A new study published in the New England Journal of Medicine this month has prompted calls in Europe for EU-wide salt legislation.
In the NEJM paper, the authors undertook a computer simulation showing the effects of population-wide reductions in dietary salt intakes among adults aged 35 to 85 years living in the USA.
They claim that: “a reduction in dietary salt of 3g per day would have approximately the same effect on rates of coronary heart disease (CHD) events as a 50% reduction in tobacco use, a 5% reduction in body mass index among obese adults, or the use of statins to treat persons at low or intermediate risk for CHD events.”
The authors go on to say, “a population-wide reduction of salt intake of 3g per day is expected to result in the same reduction in death rates as the use of medical treatment to control hypertension in all persons with this condition”.
With this week being World Salt Awareness Week, the research adds further impetus to the need for people to substantially reduce (in New Zealand, by some 33%) their salt intake.
We asked nutrition experts what the implications are for New Zealanders, and what public health advice they would give, based on this new research.
Amanda Brien, a public health nutritionist with Taranaki District Health Board, comments:
“Salt is the main source of sodium in our diets. Too much sodium is linked to high blood pressure, heart disease and stroke. The Ministry of Health recommends we eat no more than 6.0g salt per day, which is a bit more than one teaspoon. Currently, New Zealanders are having nearly double this amount at 9.0g per day.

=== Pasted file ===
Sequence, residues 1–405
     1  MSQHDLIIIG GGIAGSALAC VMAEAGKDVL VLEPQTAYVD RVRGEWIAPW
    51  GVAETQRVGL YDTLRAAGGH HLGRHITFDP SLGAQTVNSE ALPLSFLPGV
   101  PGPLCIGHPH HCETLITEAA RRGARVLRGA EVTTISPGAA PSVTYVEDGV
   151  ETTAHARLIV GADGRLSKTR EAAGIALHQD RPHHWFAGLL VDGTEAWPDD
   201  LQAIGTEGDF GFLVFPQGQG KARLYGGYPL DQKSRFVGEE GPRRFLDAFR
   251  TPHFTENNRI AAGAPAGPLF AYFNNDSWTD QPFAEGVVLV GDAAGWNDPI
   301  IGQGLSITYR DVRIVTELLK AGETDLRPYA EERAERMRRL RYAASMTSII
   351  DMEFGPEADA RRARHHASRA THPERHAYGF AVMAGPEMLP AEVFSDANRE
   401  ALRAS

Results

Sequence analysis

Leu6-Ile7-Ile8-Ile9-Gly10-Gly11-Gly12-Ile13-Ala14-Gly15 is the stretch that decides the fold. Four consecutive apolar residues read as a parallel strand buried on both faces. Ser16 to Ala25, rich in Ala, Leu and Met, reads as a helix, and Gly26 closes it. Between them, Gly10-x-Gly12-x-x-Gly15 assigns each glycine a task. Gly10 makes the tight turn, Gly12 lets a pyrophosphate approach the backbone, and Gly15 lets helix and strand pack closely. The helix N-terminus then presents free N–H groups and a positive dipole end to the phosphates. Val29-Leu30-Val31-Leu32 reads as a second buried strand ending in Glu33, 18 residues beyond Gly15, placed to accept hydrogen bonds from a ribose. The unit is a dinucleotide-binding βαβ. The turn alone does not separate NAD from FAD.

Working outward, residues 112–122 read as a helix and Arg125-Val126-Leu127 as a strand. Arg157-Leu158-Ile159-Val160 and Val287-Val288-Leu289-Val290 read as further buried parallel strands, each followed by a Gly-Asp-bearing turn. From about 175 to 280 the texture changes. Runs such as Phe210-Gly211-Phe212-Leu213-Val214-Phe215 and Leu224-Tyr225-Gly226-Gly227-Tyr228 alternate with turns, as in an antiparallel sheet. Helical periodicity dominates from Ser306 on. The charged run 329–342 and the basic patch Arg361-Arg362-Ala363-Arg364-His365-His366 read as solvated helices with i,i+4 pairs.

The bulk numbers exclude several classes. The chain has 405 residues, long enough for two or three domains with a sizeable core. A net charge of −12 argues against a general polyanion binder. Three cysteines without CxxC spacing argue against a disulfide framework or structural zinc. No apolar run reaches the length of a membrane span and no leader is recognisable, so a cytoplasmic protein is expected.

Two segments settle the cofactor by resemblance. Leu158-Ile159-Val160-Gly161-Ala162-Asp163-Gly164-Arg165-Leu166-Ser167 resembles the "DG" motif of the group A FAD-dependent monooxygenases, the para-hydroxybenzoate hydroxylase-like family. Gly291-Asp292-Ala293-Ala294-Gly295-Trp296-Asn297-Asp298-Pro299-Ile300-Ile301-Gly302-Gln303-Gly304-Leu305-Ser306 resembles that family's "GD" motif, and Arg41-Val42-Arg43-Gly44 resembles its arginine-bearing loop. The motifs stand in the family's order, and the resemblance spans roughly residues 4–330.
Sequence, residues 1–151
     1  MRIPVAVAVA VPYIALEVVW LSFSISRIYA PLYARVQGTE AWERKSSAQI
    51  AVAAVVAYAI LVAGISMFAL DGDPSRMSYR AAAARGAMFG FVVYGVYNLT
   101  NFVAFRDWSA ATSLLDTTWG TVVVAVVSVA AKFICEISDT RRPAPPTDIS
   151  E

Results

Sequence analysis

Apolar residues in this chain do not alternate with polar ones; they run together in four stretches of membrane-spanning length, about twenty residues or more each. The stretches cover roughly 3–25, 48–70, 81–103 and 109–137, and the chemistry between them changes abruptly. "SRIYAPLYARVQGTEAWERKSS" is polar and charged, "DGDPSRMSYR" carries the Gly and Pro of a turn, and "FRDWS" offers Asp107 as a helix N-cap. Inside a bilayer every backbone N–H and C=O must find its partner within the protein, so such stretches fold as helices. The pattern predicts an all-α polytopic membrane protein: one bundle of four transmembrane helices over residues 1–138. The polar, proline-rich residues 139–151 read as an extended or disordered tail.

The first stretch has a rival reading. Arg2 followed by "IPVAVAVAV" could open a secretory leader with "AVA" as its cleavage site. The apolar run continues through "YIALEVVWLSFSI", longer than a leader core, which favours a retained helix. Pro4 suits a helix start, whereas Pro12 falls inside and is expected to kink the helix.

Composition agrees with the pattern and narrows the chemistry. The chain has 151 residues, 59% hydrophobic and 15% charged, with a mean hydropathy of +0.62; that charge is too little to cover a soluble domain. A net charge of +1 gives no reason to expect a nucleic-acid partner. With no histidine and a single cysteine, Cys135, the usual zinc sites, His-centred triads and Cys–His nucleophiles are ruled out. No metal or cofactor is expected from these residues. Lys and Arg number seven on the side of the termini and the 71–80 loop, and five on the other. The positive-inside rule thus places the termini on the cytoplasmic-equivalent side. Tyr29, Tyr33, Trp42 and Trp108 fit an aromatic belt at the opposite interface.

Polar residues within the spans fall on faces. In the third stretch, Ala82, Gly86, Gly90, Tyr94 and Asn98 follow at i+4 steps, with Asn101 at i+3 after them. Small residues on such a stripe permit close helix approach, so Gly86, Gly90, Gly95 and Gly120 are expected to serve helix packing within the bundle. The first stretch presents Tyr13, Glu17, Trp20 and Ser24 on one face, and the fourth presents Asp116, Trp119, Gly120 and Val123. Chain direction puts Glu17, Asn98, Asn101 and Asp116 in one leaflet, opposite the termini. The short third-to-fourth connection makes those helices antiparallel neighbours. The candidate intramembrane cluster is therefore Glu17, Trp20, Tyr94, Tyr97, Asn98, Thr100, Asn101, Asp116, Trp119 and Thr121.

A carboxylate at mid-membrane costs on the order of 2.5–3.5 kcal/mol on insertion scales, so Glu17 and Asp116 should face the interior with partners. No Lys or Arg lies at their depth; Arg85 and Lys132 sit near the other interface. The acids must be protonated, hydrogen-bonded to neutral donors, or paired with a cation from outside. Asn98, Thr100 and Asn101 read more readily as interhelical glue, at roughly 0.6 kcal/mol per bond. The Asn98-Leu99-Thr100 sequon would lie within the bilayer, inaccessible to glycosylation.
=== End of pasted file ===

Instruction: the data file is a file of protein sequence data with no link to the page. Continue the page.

“Taking the salt off the dinner table is a good start to reducing your daily intake, but the majority of salt in our diets comes from processed foods. Salt is used as a preservative and flavour in a range of foods such as, takeaways, bread, biscuits, chips, sauces, cheese, meat and pickled vegetables.
“Already some manufacturers are reducing the amount of sodium in their products through initiatives like the National Heart Foundation’s Pick the Tick or by offering low-salt options. Learn to read food labels and look for products with less than 450mg of sodium per 100g. You will be surprised with the differences between brands. For example, cracker biscuits can range from about 200mg to a whopping 1600mg of sodium per 100g!
“Start to lower the amount of salt you use at home in cooking. Taking a little bit out each day adds up over time and helps reduce risk of heart disease. Get creative in the kitchen and use other flavours like lemon, herbs or spices to liven up meals.”
Amy Liu, a registered dietitian and nutrition consultant, comments:
“Processed food provides the majority of our salt intake, contributing up to 85% to total intakes.
“A new U.S. study, published in the New England Journal of Medicine this month, reported that reducing dietary salt by up to 3g per day is projected to reduce the annual number of new cases of CHD by 60,000-120,000; stroke by 32,000-66,000; and myocardial infarction by 54,000-99,000. The study also reports that the annual number of deaths by any cause would be reduced by 44,000-92,000. In addition, $10 -24 billion (USD) in health costs would be saved per year. Even a modest reduction of 1g per day would be more cost effective than using medication to lower blood pressure.
“These results are in alignment with the findings from a randomised controlled feeding trial called DASH (Dietary Approach to Stop Hypertension). Along with reducing salt intake, the DASH eating plan involved consuming foods that were low in total fat, saturated fatty acids and cholesterol and included plenty of fruits, vegetables and low-fat dairy products. Also included were wholegrain products, fish, poultry and nuts.
“My advice to New Zealanders who wish to reduce their blood pressure is to cut down on salty foods and avoid adding salt in cooking and at the table. Also, follow a healthy diet that includes lots of fruits and vegetables, wholegrain cereals, low-fat dairy products, fish, poultry and nuts.”